I am actually ok with that, as if I ever looked back on the first year of my designs in the 90s I’d cringe at the sight of lots of Alienskin Bevels, Glows and Fire plugin driven pixel vomit.

The part though I’m a little nervous about is how fast the microsoftees of the world have somehow collectively agreed that Text is in Chrome is out – like somehow science is wrong, that what we really need to do is get back to basics of ASCII inspired typography design(s) of yesteryear.

Typography is ok, in short bursts.

Spatial Visualization is the key description you need to Google a bit more around. Let me save you a little google confusion and explain what I mean.

Humans are not normal, to assume that inside HCI we are all equal in our IQ levels is dangerous, it is quite the opposite and to be fair the human mental conditions that we often suffer from are still quite an the infancy of medicine – we have so much more to learn about genetic deformation/mutations that are ongoing.

The reality is that most humans hail from a different approach to the way in which we decipher patterns within our day-to-day lives as we aren’t getting smarter we’re just getting faster at developing habitual comprehension of patterns that we often create.

Let us for example assume I snapped someone from the 1960’s, and I sat him or her in a room and handed them a mobile device. I then asked them “turn it on” and measured the reaction time to navigating the device itself to switching it on.

You would most likely find a lot of accidental learning, trial and error but eventually they’d figure it out and now that information is recorded into their brain for two reasons. Firstly, pressure does that to humans we record data when under duress that is surprisingly accurate (thus bank robbers often figure out that their disguises aren’t as affective as once thought) and secondly we discovered fire for the first time – an event gave it meaning “this futuristic device!!”

What is my point, firstly, the brain capacity has not increased our ability to think and react visually is what I’d argue is the primary driver for our ability to decode what’s in front of us.  (point in case the usage of H1 tag breaks up the indexation of comprehending of what I’ve written).

How so?

Research in the early 80’s found that we are more likely to detect misspelled words than we are correctly spelled words. The research goes on to suggest that the reason for this is that we obtain shape information about a word via peripheral vision initially (we later narrow in on the said word and make a decision on true/false after we’ve slowed the reading down to a fixated position).

It doesn’t stop there, by now you the reader have probably fixated on a few mistakes in my paragraph structure or word usage as you’ve read this, but yet you’ve still persisted in comprehending the information – despite the flaws.

What’s important about this packet of information is that it hints at what I’m stating, that a reliance on typography is great but for initial bursts of information only. Should the density of data in front of you increase, your ability to decode and decipherer (scan / proof read) becomes more of a case of balancing peripheral vision and fixated selection(s).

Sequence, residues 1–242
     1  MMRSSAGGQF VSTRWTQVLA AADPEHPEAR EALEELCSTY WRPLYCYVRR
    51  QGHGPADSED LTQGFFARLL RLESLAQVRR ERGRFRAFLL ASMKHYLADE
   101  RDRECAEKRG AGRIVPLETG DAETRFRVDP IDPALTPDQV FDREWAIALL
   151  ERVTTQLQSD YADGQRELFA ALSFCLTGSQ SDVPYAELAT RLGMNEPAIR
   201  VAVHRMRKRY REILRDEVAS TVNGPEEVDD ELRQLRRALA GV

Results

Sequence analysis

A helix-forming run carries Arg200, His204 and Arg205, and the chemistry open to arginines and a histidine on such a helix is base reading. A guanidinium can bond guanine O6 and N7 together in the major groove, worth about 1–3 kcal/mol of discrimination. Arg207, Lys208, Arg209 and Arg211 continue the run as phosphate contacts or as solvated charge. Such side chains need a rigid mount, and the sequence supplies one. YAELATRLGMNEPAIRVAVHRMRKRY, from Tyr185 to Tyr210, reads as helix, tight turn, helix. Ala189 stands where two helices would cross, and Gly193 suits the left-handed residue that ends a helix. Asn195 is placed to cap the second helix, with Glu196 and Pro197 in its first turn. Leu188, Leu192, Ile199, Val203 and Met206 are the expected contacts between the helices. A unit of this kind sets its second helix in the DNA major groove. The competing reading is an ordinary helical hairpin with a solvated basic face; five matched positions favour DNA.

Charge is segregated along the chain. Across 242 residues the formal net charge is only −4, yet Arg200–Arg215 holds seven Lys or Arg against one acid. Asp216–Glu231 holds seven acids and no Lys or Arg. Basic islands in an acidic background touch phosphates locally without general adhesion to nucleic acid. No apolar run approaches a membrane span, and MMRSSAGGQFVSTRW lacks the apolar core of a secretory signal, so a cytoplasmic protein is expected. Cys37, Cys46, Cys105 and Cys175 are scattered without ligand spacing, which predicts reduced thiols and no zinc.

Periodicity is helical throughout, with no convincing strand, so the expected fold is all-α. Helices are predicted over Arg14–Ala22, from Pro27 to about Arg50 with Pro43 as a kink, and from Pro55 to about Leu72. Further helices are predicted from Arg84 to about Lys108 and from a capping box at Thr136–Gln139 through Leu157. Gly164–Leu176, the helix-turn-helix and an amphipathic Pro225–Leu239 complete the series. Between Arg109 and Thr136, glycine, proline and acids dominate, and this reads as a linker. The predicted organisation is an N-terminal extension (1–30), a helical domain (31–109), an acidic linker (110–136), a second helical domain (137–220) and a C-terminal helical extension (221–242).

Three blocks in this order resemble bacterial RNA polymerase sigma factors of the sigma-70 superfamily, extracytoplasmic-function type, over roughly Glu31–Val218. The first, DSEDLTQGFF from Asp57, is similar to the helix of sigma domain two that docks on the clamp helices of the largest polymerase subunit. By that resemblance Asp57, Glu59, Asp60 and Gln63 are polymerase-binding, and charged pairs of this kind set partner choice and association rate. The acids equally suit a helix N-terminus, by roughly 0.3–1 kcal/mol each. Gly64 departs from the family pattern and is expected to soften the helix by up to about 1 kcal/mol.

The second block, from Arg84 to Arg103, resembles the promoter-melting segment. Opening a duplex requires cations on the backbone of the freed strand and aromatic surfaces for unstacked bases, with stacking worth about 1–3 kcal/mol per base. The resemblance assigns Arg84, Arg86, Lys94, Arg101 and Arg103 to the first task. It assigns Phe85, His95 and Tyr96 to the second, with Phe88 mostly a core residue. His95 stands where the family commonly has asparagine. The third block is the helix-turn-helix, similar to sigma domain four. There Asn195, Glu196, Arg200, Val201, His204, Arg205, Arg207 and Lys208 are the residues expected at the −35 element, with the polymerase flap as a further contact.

Your CPU is maxed out is my point.

AS I AM INFERRING, THE HUMAN BEING IS NOW JUGGLING THE BASICS IN AND AROUND GETTING SPATIAL QUEUES FROM BOTH TEXT, IMAGERY AND TASK MATCHING – ALL CRAMMED INSIDE A SMALL DEVICE. THE PROBLEM HOWEVER WONT STOP THERE, IT GOES ON INTO A MORE DEEPER CYCLE OF STUPIDITY.
INSIDE METRO THE BALANCE BETWEEN UPPER AND LOWER CASE FLUCTUATES THAT IS TO SEE AT TIMES IT WILL BE PURE UPPERCASE, MIXED OR LOWERCASE.

Did you also notice what I just did? I put all that text in Uppercase, and what research has also gone onto suggest is that when we go full-upper in our usage our reading speed decreases as more and more words are added. That is to say, now inside metro we use a mixed edition of both and somehow this is a good thing or bad thing?

Apple has over-influenced Microsoft.

I’m all for new design patterns in pixel balancing, I’m definitely still hanging in there on Metro but what really annoys me the most is that the entire concept isn’t really about breaking way based on scientific data centered in around the an average humans ability to react to computer interfaces.

It simply is a competitive reaction to Apple primarily, had Apple not existed I highly doubt we would not be having this kind of discussion and it would probably be full glyph/charms/icon visual thinking friendly environment(s).

Instead what we are probably doing is grabbing what appears to be a great interruption in design status quo and declaring it “more easier” but the reality kicks in fast when you go beyond the initial short burst of information or screen composition into denser territory – even Microsoft are hard pressed to come up with a Metro inspired edition of Office.